Bruxism Parafunction Risk Assessment by MN Head and Neck Pain Clinics

Bruxism Parafunction Risk Assessment for Pain Patients

By James Fricton DDS, MS  

Bruxism parafunctional habits, including teeth grinding, clenching, oral habits, neck tensing, and shoulder bracing, are a primary cause of much pain.

These habits may trigger the following painful conditions: headache, temporomandibular disorders (TMD), neck pain, ear pain, and orofacial pain conditions. Unfortunately, they are often not identified and diagnosed in routine health care. They can also lead to dental fractures, periodontal problems, loss of teeth, ringing in the ears, and many other symptoms. A Bruxism Parafunction Risk Assessment helps people obtain a correct diagnosis and accurate treatment plan.

The confusion in identifying the diagnosis and cause can lead to delays, fragmentation, and failed and pain treatment for these conditions. There is a need for an integrative parafunction risk rating assessment used by all health professionals to diagnose and treat bruxism and other parafunctions to relieve related pain conditions faster and more long-term.

TMD and Orofacial Pain specialists recognize the need to improve the diagnostic process. Risk assessment tools identify the risk factors leading to more pain. They also improve integrated care programs to reduce these risks. People facing headache, neck pain, facial pain, dental pain, jaw functioning issues, and related issues often don’t know what’s causing their problems and who to contact for treatment.

Is Bruxism a Parafunction?

In medical terms, bruxism is classified as a parafunctional activity which involves clenching and grinding of the teeth and other muscle habits that increase strain to the muscles and joints. This may occur consciously when awake (awake bruxism) or at night during sleep (sleep bruxism). This classification is why dentists and pain specialists commonly begin with Bruxism Parafunction Risk Assessment.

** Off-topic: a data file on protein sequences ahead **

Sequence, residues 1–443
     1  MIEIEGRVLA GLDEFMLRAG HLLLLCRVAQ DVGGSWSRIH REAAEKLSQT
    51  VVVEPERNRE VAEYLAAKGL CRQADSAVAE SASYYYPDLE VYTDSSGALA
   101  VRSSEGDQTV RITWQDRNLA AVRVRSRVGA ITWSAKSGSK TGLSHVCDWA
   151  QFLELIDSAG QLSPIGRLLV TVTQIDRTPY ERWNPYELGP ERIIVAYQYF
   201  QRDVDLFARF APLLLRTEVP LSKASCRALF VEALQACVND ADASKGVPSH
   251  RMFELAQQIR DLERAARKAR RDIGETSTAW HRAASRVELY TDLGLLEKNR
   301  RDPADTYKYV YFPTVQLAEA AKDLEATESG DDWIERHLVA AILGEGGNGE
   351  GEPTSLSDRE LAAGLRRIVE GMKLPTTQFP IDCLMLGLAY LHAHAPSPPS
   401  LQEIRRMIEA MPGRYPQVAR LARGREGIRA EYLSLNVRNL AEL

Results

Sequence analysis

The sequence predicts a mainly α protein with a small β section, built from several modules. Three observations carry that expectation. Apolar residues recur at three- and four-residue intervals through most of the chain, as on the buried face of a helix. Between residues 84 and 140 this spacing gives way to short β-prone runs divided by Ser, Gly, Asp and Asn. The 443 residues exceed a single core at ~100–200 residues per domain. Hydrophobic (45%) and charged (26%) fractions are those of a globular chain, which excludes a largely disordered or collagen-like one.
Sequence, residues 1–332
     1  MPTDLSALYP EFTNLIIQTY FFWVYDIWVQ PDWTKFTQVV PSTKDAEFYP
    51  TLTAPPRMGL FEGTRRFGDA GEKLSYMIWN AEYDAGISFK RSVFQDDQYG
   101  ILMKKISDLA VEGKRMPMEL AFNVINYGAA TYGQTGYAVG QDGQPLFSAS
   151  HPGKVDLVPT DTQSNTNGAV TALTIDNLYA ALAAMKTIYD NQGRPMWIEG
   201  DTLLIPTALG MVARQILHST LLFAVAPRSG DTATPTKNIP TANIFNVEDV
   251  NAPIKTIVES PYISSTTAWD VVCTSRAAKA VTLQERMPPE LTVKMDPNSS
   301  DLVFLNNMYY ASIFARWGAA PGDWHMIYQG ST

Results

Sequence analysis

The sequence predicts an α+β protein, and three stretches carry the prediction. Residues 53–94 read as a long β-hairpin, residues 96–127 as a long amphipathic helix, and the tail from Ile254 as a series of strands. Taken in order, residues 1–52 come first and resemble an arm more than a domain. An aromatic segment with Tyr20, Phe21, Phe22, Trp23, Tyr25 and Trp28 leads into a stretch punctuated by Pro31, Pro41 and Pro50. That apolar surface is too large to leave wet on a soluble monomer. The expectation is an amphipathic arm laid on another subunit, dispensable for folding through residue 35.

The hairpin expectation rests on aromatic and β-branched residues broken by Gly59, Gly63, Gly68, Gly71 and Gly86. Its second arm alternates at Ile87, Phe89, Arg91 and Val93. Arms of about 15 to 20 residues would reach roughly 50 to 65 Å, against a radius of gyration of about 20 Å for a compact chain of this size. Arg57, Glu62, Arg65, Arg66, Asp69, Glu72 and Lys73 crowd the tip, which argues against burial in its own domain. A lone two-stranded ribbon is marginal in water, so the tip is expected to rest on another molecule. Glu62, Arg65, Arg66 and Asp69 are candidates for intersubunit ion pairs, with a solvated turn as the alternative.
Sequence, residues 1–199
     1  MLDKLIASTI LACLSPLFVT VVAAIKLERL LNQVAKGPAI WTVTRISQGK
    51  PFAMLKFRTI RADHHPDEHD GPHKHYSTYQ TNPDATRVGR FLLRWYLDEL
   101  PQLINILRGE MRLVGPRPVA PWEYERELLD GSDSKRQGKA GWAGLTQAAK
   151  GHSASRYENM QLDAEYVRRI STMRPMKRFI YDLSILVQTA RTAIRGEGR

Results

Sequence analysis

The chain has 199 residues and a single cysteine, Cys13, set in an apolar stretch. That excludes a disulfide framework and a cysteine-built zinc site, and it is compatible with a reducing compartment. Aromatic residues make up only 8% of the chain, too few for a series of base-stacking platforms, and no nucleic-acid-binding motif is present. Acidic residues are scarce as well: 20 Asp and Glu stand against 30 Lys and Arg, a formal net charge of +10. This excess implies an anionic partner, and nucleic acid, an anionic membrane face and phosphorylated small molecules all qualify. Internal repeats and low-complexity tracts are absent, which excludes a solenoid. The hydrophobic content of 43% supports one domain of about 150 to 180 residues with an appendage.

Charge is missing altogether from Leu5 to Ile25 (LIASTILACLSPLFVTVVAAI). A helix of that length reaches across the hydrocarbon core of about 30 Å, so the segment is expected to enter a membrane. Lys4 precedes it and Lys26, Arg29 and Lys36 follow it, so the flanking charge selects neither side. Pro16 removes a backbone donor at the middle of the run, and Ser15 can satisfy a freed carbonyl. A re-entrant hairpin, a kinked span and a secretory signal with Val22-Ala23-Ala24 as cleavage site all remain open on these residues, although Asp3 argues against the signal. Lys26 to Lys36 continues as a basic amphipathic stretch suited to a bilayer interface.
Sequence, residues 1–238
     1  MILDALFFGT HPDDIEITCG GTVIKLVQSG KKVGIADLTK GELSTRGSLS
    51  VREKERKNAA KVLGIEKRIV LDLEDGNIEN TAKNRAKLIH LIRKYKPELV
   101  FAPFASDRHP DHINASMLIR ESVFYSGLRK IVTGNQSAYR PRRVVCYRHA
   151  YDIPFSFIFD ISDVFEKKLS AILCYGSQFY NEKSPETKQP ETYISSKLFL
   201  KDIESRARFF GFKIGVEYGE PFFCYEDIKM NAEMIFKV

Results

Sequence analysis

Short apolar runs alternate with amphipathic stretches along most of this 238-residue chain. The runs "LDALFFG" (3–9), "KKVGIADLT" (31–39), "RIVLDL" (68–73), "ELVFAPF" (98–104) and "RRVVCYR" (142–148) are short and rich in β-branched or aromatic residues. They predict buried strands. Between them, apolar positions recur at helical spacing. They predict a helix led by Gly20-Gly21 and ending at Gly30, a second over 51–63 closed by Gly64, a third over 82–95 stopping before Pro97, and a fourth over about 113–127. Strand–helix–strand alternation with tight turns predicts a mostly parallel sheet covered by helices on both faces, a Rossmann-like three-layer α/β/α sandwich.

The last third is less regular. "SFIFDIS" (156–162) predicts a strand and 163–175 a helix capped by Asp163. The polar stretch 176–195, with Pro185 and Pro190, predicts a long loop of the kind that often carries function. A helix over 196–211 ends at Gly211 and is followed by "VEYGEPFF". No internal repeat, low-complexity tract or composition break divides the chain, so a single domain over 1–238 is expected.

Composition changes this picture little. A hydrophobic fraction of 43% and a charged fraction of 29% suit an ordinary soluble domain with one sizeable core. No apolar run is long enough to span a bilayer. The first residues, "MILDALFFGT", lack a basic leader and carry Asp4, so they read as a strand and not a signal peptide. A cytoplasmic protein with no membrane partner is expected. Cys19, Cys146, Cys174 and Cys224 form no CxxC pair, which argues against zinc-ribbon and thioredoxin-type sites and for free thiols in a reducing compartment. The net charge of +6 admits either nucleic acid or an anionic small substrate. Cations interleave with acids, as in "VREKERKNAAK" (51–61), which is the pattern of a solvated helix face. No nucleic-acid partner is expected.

Who do I see for head, neck and jaw pain problems due to bruxism?

Patients with these pain conditions have pain for years. They typically see several health professionals prior to being referred to a TMD and Orofacial Pain Specialist.

Healthcare professionals that these patients often seek initial care from:

  • Family doctor or dentist.
  • Internist.
  • Orthopedic Surgeon.
  • Rheumatologist.
  • Neurologist.
  • Neurosurgeon.
  • Otolaryngologist.
  • Medical Pain Specialist.
  • Physical Therapist.
  • Chiropractor.

It’s understandable with so many healthcare professionals are confused as to who to seek for jaw and facial pain help since these conditions fall between medicine and dentistry. While there is commonly overlay, if healthcare professionals were to use the same words, diagnosis, and treatment procedures, diagnosis and care would be more effective. The medical and dental specialists at Minnesota Head and Neck Pain Clinics not only work directly with pain patients but are also known as leaders in training peers and advancing the national pain care system.

It may help you, the patient, to understand why bruxism parafunction recognition and wide adoption is challenging.

What Can Jaw Pain Patients Expect During a Bruxism Assessment?

You can expect the following from a Bruxism Parafunction Risk Rating:

  • Help to identify bruxism habits and factors that increase contributing habits, such as stressors, and strain of daily life.